Permit filings are typically done by insurance companies on the next business day. Federal (FMCSA) filings are completed online and updated immediately, while some states may take up to three weeks to process.
Independence Insurance Agency: Committed to the Trucking Industry
There's no question about it - you've got to protect your staff, your rig, and your trucking business with insurance. But choosing the right insurance partner isn't always easy. Thankfully, with Independence Insurance Agency by your side, you can rest easy knowing you're covered no matter where the road takes you. If you're in need of a commercial truck insurance agency in Norris, TN that caters to truckers like you, pick up the phone and contact one of our transportation specialists today. That way, you can get back on the road with confidence tomorrow.
Latest News in Norris, TN
Sugarbakers-trained siblings launch Twisted Sisters Sweets and Treats in Norris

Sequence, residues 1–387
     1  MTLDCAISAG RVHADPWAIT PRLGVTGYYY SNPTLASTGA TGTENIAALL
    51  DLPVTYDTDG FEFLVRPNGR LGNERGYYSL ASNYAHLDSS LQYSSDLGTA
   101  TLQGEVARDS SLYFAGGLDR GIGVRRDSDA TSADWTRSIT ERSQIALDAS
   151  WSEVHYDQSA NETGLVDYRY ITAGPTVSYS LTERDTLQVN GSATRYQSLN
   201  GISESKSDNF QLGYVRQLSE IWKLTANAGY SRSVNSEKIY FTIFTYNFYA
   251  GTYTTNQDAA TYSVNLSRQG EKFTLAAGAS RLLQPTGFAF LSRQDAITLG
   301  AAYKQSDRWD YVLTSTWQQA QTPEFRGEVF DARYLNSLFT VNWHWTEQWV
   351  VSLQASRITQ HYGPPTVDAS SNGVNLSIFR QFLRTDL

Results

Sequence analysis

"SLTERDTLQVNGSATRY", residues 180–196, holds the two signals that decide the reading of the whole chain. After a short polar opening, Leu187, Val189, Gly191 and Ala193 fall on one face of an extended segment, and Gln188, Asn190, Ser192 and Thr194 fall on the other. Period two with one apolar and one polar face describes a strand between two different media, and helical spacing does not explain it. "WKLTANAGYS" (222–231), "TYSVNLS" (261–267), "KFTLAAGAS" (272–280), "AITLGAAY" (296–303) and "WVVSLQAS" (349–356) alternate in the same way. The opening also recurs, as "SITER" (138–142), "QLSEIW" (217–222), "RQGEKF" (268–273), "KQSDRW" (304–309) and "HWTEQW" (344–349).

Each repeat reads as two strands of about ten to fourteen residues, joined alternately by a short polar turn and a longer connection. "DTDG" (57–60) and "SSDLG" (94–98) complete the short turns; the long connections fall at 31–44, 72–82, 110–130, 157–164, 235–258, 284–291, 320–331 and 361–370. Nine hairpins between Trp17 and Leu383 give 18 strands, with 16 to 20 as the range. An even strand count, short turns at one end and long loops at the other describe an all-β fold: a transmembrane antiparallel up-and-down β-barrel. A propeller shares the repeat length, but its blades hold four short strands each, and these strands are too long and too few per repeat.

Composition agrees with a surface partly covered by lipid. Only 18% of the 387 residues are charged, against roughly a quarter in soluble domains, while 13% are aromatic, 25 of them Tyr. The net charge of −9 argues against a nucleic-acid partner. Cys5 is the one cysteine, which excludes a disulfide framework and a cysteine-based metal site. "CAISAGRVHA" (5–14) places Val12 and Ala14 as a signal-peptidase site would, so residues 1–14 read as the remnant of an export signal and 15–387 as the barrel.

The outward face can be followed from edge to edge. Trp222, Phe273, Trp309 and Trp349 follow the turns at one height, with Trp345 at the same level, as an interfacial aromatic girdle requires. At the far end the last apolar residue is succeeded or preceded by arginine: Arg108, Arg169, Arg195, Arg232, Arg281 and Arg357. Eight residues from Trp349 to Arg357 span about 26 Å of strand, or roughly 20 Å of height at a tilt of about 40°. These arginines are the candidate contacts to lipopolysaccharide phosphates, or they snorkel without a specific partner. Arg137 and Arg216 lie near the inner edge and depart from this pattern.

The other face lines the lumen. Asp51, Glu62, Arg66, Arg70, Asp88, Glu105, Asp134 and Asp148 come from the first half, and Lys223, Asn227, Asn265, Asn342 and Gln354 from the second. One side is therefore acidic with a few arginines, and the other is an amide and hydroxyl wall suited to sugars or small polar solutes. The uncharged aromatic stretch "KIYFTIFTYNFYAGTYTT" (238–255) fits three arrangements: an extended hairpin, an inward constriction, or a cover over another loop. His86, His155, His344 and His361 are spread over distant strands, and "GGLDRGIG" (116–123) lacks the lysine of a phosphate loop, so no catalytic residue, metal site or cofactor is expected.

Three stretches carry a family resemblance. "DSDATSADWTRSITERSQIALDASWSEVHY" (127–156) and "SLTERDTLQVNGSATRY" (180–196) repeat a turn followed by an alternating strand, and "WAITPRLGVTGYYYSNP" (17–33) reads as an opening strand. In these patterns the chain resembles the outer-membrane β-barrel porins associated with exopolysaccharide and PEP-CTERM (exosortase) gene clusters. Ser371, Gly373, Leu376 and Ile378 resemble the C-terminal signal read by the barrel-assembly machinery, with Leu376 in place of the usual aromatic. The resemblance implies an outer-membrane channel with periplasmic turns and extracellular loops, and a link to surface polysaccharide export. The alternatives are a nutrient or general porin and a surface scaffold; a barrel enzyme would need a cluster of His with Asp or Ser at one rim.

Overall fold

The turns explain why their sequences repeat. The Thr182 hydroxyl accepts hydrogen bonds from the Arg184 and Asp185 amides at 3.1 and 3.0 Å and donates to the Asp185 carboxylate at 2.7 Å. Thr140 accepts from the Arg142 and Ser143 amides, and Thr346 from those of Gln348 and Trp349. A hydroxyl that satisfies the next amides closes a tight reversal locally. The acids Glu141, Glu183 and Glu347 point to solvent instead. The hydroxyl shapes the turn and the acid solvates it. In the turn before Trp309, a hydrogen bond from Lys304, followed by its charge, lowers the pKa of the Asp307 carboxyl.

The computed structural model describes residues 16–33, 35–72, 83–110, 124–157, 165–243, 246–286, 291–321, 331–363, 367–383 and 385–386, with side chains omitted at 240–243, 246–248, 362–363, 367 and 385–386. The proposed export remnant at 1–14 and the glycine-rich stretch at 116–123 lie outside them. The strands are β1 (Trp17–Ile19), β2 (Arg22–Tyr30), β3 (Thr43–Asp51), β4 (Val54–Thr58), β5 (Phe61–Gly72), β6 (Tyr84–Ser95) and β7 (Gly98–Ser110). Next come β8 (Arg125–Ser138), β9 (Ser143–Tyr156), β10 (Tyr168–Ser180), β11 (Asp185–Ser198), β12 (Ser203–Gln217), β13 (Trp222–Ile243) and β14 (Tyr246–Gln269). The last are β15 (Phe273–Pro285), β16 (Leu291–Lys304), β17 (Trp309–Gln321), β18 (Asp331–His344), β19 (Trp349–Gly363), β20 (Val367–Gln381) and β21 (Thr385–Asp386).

Shopper NewsBaking has gone to a new level now that the Twisted Sisters have taken their talents to a storefront in Norris.Alecia (Parrott) Jackson and Katie (Parrott) Eslinger were born in Powell and now live next door to each other in Heiskell. For the past year, the two have worked together at Sugarbakers Supplies in Powell, while churning out their own custom orders from home.When the Sweet Café in the Norris City Center became available, the two jumped at the chance to create a destination bakery and launch t...
Baking has gone to a new level now that the Twisted Sisters have taken their talents to a storefront in Norris.
Alecia (Parrott) Jackson and Katie (Parrott) Eslinger were born in Powell and now live next door to each other in Heiskell. For the past year, the two have worked together at Sugarbakers Supplies in Powell, while churning out their own custom orders from home.